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The POWER 30: Janel M. Dressen

Minnesota Lawyer//October 27, 2022

Janel M. Dressen, Anthony Ostlund Louwagie Dressen Boylan P.A.

Janel M. Dressen, Anthony Ostlund Louwagie Dressen Boylan P.A.

The POWER 30: Janel M. Dressen

Minnesota Lawyer//October 27, 2022

The Evenstad family pharmaceutical business, Upsher-Smith Laboratories, is now owned by a Japanese company, but litigation between the family members continues.

The plaintiff, daughter of the founder, has sued the company and her brother Mark, saying she is not receiving her due of the over $1 billion paid for the company, which manufactures generic medicines. The complicated case consumed four weeks of Zoom trial time last summer before Hennepin County District Court Judge Edward Wahl, but no decision is expected until December.

Father and company founder Ken Evenstad died in the course of the trial. The family also owns Domaine Serene, a winery in Willamette Valley, Oregon, famous for its Pinot Noir.

Representing the company is Janel Dressen, who has been associated with this kind of internecine business dispute since the Lund case in 2019 where Kim Lund received a $45 million buyout from the grocery store trust. The plaintiff amended her complaint after the court affirmed Lund’s “reasonable expectation of liquidity”

Of the plaintiff, Dressen says she’s received more than $250 million from the family assets but is not content. “Who would do that to their parents?” she asked. (See case sidebar.)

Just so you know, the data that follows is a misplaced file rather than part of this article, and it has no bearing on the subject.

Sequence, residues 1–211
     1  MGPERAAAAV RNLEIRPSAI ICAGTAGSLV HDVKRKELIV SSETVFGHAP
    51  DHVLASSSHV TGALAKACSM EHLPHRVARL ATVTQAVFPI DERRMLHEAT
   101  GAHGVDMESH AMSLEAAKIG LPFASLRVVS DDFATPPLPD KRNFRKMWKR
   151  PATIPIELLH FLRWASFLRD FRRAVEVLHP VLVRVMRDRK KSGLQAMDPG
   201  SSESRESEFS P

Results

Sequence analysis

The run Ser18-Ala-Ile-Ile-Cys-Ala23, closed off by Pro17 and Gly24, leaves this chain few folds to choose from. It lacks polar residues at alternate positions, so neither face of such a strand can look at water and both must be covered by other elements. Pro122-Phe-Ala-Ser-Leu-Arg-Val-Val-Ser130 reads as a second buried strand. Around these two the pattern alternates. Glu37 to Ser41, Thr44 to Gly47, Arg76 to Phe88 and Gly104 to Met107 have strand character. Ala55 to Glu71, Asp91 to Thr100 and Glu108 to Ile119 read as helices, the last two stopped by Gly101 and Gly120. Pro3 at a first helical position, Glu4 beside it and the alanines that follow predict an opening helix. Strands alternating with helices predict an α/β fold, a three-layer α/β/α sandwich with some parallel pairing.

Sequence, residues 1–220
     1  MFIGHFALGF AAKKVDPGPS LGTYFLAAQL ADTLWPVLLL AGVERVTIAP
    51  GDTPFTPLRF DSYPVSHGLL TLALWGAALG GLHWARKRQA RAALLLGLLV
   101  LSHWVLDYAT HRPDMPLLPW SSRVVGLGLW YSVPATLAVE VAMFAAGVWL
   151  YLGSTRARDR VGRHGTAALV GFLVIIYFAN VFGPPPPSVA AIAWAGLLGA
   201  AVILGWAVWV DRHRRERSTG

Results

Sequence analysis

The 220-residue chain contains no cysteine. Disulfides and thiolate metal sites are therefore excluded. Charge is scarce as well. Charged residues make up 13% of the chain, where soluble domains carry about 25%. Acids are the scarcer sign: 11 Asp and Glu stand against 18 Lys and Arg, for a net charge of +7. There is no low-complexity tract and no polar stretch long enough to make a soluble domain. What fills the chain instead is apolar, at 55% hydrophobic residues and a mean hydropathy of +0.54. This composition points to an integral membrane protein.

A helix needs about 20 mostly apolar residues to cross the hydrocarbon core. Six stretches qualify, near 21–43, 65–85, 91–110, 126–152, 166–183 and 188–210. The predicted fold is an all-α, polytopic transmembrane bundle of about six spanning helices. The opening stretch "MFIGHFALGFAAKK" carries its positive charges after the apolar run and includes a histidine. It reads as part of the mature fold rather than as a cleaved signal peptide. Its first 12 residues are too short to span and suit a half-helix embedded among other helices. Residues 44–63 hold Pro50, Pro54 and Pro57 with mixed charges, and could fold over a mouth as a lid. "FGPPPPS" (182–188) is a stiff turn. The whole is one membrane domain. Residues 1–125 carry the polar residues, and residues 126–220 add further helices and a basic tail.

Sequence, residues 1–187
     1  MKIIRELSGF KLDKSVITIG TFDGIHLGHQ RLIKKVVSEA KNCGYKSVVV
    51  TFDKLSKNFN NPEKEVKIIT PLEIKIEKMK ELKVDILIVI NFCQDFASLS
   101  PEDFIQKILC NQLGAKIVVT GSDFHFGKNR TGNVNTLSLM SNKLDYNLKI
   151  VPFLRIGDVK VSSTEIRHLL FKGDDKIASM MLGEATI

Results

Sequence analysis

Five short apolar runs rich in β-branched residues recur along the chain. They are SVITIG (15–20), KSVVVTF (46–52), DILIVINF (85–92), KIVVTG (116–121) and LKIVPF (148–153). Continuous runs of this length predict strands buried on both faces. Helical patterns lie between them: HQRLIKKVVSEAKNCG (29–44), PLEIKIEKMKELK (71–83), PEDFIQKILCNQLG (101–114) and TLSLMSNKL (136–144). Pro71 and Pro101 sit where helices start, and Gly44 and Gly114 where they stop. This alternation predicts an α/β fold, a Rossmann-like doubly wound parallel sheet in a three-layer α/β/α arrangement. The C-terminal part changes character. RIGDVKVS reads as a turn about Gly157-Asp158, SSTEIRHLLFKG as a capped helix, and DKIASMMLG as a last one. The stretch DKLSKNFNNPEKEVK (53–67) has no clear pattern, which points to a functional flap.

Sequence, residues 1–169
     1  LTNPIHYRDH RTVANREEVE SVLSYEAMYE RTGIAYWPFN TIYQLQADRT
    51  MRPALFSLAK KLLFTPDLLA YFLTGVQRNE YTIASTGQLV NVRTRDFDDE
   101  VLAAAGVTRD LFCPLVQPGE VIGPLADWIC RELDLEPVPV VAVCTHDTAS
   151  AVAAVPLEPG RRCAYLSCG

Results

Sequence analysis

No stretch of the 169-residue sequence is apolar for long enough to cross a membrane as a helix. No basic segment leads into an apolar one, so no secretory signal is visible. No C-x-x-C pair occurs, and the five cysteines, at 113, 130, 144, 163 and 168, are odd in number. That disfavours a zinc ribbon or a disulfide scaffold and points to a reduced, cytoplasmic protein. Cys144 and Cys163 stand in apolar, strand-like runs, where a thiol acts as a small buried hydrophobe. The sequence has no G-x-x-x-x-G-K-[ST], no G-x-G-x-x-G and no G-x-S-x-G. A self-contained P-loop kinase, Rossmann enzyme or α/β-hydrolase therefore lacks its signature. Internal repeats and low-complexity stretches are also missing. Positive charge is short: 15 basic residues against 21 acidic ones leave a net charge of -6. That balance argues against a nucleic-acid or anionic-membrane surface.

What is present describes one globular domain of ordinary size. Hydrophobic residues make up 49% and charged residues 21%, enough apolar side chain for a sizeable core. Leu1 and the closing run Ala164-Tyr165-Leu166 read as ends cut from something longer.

Dressen said it can be hard for women to enter a male-driven world of business litigation, but it is very important for them to be in the courtroom, or on their computer screen.

“Trial lawyers need to learn to present on Zoom. It’s hard for young lawyers who aren’t getting to know anything other than remote work,” she said.

She warned that “proximity bias” can influence training and mentoring, to the disadvantage of lawyers working from home, many of whom are women. To counter that effect, Dressen said, “Speak up even if you’re working from home. You have to be proactive to overcome proximity bias. If you’re just keeping your head down and doing the work that comes to you, that isn’t going to cut it.”

Case sidebar

Steven Wells, the attorney for the plaintiff above, responded by email. “Our client is a 43% shareholder in a Minnesota company.  She was promised fair separation from the company by her brother (then the CEO), and the Court already has found that our client’s ‘expectations for liquidity and financial separation . . . were reasonable.’ The case is about the fair value of our client’s shares. However, after redeeming many of their own shares for more than $178 million, Defendants now have told the Court that our client’s shares are worth nothing.  Minnesota law protects shareholders in this situation. This is a case about a shareholder’s rights under Minnesota law; it is not a case about hurt feelings or emotions.”

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